U.S. Bank is apologizing after one of its employees was reportedly fired for trying to help a customer pay for gas.
Emily James, a customer service rep at one of the bank’s branches in Portland, Ore. was let go in December 2019 after loaning $20 of her own money to a caller in need, KGW-TV reported.
The now-controversial incident began on Christmas Eve, when Marc Eugenio, a U.S. Bank customer, was struggling to deposit the first paycheck from his new job. Eugenio had deposited the funds days earlier, but later learned there was an issue verifying the money — by that time, he said he was low enough on cash that he couldn’t fill up his gas tank.
“I was desperate,” Eugenio told KGW-TV. “Sitting there in the gas station on Christmas Eve, away from my family and I couldn’t get home.”
Eugenio called his bank’s customer service line to sort out the issue, and got connected with James. He explained his situation, and she decided to act.
“She goes, ‘I’m gonna come out there and I’m gonna give you $20.’ I said, ‘Don’t do that — no, no, no,'” Eugenio said. “What luck the call center is based out of Portland, Ore. [and] that somebody is willing to come out and drive out on their own time when they’re working to come give me that.”
James eventually got permission from a manager to leave the office and drove straight to Eugenio. She told KGW-TV that she handed him the $20 and then “cried on the way back to [her] desk,” because she felt like she’d truly helped someone.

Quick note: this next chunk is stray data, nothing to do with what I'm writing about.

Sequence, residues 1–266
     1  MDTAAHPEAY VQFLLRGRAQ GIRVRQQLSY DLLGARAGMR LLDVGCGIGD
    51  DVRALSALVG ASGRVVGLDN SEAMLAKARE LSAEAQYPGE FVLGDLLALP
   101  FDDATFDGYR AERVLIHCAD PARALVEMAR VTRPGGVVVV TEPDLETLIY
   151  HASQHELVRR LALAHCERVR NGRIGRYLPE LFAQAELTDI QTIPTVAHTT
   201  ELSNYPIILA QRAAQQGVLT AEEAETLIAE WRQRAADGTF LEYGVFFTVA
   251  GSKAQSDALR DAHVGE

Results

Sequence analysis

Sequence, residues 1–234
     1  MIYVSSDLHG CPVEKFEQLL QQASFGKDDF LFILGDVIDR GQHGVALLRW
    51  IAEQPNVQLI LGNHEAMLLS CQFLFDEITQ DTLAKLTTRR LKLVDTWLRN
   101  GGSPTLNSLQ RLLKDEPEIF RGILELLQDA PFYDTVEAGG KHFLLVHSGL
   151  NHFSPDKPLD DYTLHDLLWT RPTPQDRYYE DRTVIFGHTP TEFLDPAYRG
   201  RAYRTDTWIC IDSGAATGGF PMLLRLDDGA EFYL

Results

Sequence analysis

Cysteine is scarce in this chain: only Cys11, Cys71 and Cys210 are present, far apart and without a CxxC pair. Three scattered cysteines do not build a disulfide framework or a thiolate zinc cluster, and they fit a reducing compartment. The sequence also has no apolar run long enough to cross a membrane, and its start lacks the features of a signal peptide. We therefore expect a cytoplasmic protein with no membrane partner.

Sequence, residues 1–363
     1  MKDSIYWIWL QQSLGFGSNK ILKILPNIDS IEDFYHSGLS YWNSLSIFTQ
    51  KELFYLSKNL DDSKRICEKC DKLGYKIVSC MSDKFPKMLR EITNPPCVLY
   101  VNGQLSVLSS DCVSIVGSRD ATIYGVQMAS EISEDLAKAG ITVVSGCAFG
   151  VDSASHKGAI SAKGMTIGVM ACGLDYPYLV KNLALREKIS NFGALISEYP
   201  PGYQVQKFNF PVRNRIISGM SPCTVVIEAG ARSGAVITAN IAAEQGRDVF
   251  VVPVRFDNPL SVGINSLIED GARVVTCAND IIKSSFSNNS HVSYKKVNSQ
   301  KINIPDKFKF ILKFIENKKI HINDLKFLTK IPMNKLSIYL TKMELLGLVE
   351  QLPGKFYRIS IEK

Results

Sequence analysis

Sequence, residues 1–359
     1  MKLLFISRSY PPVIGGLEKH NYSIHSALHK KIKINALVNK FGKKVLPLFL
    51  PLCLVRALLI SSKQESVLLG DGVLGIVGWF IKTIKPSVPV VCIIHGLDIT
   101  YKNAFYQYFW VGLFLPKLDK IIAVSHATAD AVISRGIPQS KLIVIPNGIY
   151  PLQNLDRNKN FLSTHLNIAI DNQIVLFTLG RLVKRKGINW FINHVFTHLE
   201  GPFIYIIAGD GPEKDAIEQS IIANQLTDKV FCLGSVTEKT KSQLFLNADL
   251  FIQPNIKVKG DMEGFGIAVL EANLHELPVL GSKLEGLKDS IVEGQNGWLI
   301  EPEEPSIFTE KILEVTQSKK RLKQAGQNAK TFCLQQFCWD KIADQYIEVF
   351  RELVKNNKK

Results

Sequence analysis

But that decision ultimately led to her firing. One week later, James and Abigail Gilbert, the supervisor who allowed her to leave that day, were both dismissed from their roles at U.S. Bank, OregonLive reported. The company stated that James had broken corporate policy and put herself in danger by leaving to bring Eugenio money.
“She thought she did the right thing,” KGW-TV reporter Devon Haskins wrote in a tweet. “A week later, she and a manager were fired.”
More than a month later, James was still struggling to find a job and selling her plasma in order to make extra money, the New York Times reported. Eugenio, meanwhile, told the Times that he felt “really bad” about his involvement in his savior’s firing.
“I was lied to and treated like dirt [by U.S. Bank],” he said. “How could she get fired?”
U.S. Bank did ultimately apologize for firing though, with the company’s CEO, Andy Cecere, telling OregonLive that he would “fix this,” adding in a Feb. 1 statement that he had called and spoken to James directly.
“Our recent employment decision in Oregon does not reflect who we are as a company,” Cecere added. “It is important to acknowledge our mistakes and when we fall short of our own high expectations.”
The following week, the bank said it had offered to rehire both James and Gilbert, adding that the latter had already agreed to return. James, however, told OregonLive that she had not received a formal offer and would not consider coming back until the company “made things right.”
“It would be hard to go back given the defamatory comments that were made about me,” James also told the outlet.
James specifically noted that she wants U.S. Bank to apologize to Eugenio, who claims he went for another week without his paycheck being deposited.
“You would like to remember every Christmas,” Eugenio told KGW-TV. “This is the one you want to forget.”